When the Hyksos lost power, their whole territory was taken by the new Egyptian dynasty, all the way up the Mediterranean coast. The Bible gives us the idea that the Egyptians controlled the main road through Gaza and Megiddo to points north. The rough highland areas were not patrolled or effectively governed. Canaanite city states each had a ruler, called a king, who would be a vassal or ally of the Pharaoh. This might have been the model the Hyksos used to govern the region before.

While in Egypt, before the arrival of Moses to lead them, they would have been polytheists with merely a vague recollection of the religion of their father Abraham. When the Hebrews escaped the delta region, following Moses, they avoided the main trade route. This may have been roughly 1200BC. After this (and the entry into the highlands of Canaan) the tribes were in the period of Judges. At this point, I think we can assume the Hebrews were henotheists. They did not utterly destroy the Canaanites, they had to coexist with them. Apparently Jerusalem was not taken until King David’s time, possibly as much as two hundred years later.

Solomon’s temple (skipping ahead a bit) was erected in about the tenth century BC, initiating the First Temple Period. Interestingly, it was built by Canaanites in the style of a Canaanite temple (Phoenicians were Canaanites). Quite probably the Hebrews were still henotheists for the most part. The “high places” (local rugged temples, places of sacrifice) had been banned and destroyed, some priestly families were allotted places to serve in turn at Jerusalem. The prophets railed against the Hebrews for their faithlessness (more or less continually) for the next several hundred years. After Solomon died, the united kingdom of Israel split. Judah and Benjamin in the south to be known as Judah and Israel in the north. Israel allowed two more temples initially, so the religion had three officially tolerated sites of worship (plus numerous renegade temple sites, which may have been prone to allow worship of Baal and other Canaanite gods as well as Elohim). Judah never accepted the two new temples as legitimate, some people of Israel would come south to Jerusalem to worship, but could have also visited the Israelite temples back home.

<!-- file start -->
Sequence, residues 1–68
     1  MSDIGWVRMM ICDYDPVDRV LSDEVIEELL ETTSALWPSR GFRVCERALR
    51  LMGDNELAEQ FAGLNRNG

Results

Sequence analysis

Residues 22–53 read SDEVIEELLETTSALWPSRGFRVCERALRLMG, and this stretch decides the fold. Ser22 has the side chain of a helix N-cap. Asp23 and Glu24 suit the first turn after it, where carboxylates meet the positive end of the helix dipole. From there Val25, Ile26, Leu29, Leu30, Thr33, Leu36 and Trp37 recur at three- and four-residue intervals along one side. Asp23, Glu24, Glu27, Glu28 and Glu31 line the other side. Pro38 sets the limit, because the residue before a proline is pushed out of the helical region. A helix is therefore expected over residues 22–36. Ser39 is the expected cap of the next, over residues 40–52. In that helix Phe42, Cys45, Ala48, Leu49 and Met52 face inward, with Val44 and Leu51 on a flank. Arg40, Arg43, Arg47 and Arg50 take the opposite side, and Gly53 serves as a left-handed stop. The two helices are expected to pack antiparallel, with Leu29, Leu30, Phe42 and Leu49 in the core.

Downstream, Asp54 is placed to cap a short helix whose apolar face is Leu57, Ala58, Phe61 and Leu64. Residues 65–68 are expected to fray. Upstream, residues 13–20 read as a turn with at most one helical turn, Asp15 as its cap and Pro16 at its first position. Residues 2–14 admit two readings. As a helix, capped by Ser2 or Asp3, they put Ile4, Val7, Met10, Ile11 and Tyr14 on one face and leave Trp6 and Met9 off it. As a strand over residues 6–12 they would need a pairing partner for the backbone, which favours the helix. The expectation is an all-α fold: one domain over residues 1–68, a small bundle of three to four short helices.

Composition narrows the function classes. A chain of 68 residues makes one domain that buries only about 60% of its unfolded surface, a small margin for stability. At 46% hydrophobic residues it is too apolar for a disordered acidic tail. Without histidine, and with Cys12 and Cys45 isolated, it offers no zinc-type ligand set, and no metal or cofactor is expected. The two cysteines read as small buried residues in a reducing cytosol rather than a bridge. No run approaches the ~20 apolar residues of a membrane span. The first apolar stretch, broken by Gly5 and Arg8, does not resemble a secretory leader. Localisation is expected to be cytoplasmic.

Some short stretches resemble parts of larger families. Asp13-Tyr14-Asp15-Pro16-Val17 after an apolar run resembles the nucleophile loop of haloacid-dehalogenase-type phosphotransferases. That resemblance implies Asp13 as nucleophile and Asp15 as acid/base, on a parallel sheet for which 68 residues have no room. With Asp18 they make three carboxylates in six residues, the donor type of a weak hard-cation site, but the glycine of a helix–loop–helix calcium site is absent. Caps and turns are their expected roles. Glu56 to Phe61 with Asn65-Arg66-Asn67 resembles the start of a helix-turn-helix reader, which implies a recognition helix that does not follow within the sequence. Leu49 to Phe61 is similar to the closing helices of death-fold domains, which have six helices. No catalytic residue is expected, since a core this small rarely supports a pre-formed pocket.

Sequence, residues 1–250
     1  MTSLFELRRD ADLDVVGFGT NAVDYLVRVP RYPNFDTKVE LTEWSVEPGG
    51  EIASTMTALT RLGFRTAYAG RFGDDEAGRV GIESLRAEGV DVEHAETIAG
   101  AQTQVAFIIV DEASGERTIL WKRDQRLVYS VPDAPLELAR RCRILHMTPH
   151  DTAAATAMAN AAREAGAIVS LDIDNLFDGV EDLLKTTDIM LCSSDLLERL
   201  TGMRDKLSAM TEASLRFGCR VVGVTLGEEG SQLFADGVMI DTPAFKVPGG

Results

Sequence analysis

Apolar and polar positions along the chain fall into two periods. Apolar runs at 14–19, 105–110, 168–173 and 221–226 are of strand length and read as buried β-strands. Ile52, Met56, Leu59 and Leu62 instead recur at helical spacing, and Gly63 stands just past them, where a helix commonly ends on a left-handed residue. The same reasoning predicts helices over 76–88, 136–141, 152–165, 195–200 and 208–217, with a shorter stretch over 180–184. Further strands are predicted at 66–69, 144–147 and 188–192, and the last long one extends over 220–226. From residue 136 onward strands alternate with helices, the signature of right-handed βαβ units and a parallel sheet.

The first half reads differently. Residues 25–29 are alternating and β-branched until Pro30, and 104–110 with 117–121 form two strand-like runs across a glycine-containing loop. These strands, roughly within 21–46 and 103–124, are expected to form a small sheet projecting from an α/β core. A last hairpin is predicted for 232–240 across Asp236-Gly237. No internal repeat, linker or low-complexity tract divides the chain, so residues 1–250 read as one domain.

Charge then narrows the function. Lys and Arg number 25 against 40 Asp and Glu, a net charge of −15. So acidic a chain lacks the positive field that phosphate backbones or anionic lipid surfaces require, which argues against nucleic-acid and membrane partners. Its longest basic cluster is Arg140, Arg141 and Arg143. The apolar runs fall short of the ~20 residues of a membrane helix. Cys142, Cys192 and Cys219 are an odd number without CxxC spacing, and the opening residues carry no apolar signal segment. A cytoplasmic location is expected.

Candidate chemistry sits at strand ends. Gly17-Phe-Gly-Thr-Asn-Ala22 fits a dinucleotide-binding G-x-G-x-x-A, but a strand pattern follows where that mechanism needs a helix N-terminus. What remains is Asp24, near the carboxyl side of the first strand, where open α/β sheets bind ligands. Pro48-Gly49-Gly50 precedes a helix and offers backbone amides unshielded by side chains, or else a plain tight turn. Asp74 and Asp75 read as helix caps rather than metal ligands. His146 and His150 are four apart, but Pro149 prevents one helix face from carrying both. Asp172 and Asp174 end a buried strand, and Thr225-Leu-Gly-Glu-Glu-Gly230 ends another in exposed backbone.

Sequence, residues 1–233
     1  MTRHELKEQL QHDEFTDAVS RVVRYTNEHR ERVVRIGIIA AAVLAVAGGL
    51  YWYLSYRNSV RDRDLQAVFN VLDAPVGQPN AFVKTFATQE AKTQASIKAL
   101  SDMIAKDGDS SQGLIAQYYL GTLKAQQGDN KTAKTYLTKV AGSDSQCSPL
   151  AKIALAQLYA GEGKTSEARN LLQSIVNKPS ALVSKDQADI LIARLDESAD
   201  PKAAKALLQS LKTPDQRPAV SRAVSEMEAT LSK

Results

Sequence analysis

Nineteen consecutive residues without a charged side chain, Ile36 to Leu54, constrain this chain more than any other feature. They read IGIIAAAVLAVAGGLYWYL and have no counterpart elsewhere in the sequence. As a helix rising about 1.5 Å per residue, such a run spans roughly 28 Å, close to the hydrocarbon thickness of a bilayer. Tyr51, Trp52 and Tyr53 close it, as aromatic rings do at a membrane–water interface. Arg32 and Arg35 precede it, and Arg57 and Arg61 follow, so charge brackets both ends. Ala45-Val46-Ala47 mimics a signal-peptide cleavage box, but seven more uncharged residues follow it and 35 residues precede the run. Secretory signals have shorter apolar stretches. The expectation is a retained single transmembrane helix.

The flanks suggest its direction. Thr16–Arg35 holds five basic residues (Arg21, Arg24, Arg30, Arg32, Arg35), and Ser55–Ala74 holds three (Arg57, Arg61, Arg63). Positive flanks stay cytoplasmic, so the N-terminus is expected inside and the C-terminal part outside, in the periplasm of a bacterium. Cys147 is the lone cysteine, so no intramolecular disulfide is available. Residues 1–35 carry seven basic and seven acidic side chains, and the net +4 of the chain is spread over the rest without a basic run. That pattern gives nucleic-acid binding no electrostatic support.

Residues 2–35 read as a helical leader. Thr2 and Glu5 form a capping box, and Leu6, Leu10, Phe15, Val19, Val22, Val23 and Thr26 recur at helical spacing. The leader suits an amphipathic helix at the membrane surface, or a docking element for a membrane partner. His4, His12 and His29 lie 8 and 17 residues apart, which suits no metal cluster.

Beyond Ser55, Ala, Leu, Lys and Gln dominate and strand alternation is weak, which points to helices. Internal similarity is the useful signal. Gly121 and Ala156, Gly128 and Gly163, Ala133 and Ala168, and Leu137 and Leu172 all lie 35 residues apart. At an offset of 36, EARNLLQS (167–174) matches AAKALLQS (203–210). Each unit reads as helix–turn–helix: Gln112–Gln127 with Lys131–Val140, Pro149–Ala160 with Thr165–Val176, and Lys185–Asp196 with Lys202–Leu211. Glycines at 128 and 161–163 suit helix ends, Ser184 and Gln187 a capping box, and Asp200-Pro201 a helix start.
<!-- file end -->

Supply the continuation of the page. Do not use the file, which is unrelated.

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Israel was crushed in 722BC. The Assyrians allowed worship of any gods and erection of temples. Archeology shows that cities in Judah swelled in population at this time, even after the ravages of the Assyrians across the state, so it is probable that large numbers of refugees from the "ten tribes"of Israel fled south and settled in Judah.

Solomon’s’ Temple was destroyed in 586BC by Babylonia. The exiles were taken away in several groups over a few years time. These people were the ruling class, the educated and the ones with the most leadership potential. The poor farmers were left to fend for themselves, without the temple rites, under (presumably) new non-Hebrew landlords who could be expected to assume the role of community leaders. After the Persian conquest of Babylonia (530BC), some persons from the exile community in the east began to return in small groups.

The second temple was finished in 516BC, after fits and starts with some delays. This was fourteen years after the Babylonians were conquered by Cyrus of Persia.

It is believed that this period, during the Babylonian captivity and shortly after the rebuilding of the temple, that the Biblical accounts were redacted and shared out to the common folk residing in the hinterlands of Judea; and the people of Judea became Jews, the People of the Book and uniformly monotheists.


Its pretty clear they were.If you look in the Catholic New American Bible youll see in the foot note pg 13 for chapter 6 Genesis that the Hebrews got the story from the earlier “Epic of Gilgamesh” tablets found in modern day Iraq. Abraham also says in Genesis11:31 that he came form Ur of the Chaldeans, which is right where the tablets were found…called Uruk in the Epic of Gilgamesh.As youll see if you read a translation (pretty easy to find now days) there were about 5 or more Gods standing around planning the Flood.At some point they must have edited the original story.Since the New American Bible is approved by the Bishops and the Vatican it must be pretty well excepted by the Church. Also Gilgamesh is obviously the Nephilim and “heros of old” spokn of in these stories Genesis 6:4 since Gilgamesh and Enkidu are both HUGE in stature. Elohim was probobly liek the Egyptian word Ennead (hope that spelt right) which represented the Gods counsel as a collective. And of course the Egyptian Book of the dead had a lot of the same material in it also. Good question!